- tell your doctor if you are pregnant, plan to become pregnant, or are breast-feeding. If you become pregnant while using mometasone nasal inhalation, call your doctor.
- avoid exposure to measles and chicken pox. If you are exposed to one of these diseases while using mometasone nasal inhalation, call your doctor immediately.
Unless your doctor tells you otherwise, continue your normal diet.
Use the missed dose as soon as you remember it. However, if it is almost time for the next dose, skip the missed dose and continue your regular dosing schedule. Do not use a double dose to make up for a missed one.
Mometasone nasal inhalation may cause side effects. Tell your doctor if any of these symptoms are severe or do not go away:
- sore throat
Some side effects can be serious. The following symptoms are uncommon, but if you experience any of them, call your doctor immediately:
- vision changes
- yeast infection of the nose or throat
Mometasone nasal inhalation may cause children to grow more slowly. Talk to your doctor about the risks of using this medication.
Mometasone nasal inhalation may cause other side effects. Call your doctor if you have any unusual problems while using this medication.
If you experience a serious side effect, you or your doctor may send a report to the Food and Drug Administration's (FDA) MedWatch Adverse Event Reporting program online [at Web Site] or by phone [1-800-332-1088].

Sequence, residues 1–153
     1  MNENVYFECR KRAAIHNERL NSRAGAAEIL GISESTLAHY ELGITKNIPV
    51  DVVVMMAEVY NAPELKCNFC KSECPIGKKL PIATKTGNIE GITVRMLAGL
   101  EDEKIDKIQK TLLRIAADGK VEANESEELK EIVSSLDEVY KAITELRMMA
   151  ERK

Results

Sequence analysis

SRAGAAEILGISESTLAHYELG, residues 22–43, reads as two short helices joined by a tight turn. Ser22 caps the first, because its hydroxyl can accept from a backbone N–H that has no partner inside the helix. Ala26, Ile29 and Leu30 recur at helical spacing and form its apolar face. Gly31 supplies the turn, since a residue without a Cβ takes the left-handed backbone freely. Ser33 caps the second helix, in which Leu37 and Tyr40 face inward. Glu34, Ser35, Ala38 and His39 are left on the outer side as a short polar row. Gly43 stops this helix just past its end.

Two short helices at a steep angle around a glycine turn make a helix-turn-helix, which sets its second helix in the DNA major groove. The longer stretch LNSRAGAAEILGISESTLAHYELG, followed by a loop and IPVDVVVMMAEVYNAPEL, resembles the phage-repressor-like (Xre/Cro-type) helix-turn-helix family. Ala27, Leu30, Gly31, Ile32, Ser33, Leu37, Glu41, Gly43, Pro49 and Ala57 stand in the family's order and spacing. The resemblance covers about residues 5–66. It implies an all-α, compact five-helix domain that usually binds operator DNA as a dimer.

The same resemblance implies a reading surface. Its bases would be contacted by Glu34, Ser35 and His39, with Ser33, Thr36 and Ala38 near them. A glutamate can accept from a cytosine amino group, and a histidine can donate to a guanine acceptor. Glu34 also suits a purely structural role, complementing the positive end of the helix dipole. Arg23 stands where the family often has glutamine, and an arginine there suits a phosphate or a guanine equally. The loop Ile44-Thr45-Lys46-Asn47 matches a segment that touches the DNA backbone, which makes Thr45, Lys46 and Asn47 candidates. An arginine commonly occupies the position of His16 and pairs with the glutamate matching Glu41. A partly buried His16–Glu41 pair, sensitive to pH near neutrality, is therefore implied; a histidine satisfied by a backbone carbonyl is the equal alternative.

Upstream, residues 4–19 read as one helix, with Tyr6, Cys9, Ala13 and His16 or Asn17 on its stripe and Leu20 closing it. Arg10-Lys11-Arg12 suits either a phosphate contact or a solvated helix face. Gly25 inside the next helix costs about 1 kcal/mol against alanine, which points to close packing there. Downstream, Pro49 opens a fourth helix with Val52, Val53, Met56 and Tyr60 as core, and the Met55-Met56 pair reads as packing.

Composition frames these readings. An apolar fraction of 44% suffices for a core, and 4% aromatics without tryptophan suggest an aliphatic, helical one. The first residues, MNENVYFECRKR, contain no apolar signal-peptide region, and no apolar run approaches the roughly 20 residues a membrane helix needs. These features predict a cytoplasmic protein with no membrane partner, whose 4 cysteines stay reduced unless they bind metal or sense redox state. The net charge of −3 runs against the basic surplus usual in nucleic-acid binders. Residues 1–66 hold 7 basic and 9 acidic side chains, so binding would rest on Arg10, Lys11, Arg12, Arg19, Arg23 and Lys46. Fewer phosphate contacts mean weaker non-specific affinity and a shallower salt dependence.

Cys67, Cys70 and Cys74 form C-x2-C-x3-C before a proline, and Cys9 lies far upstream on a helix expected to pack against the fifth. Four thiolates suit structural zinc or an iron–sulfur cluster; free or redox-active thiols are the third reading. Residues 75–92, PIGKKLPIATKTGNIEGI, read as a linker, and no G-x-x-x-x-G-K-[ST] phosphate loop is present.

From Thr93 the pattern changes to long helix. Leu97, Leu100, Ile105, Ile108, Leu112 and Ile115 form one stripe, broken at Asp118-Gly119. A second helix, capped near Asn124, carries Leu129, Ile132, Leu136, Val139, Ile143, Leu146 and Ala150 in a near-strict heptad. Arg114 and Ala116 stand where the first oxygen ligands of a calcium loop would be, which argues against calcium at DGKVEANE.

Keep this medication in the container it came in, tightly closed, and out of reach of children. Store it at room temperature, away from light, and away from excess heat and moisture (not in the bathroom). Keep track of the number of sprays used from each bottle of mometasone nasal inhalation. Throw away the bottle after using 120 sprays. Throw away any medication that is outdated or no longer needed. Talk to your pharmacist about the proper disposal of your medication.
If your condition does not improve or becomes worse, call your doctor.
To clean the nasal applicator, remove the plastic cap and pull gently upward on the white nasal applicator so that it comes free. Wash the applicator and cap in cold water. Dry and replace the applicator, followed by the plastic cap.
Keep all appointments with your doctor.
Do not let anyone else use your medication. Ask your pharmacist any questions you have about refilling your prescription.
It is important for you to keep a written list of all of the prescription and nonprescription (over-the-counter) medicines you are taking, as well as any products such as vitamins, minerals, or other dietary supplements. You should bring this list with you each time you visit a doctor or if you are admitted to a hospital. It is also important information to carry with you in case of emergencies.
AHFS® Consumer Medication Information. © Copyright, The American Society of Health-System Pharmacists, Inc., 7272 Wisconsin Avenue, Bethesda, Maryland. All Rights Reserved. Duplication for commercial use must be authorized by ASHP.
Last Reviewed: August 1, 2010.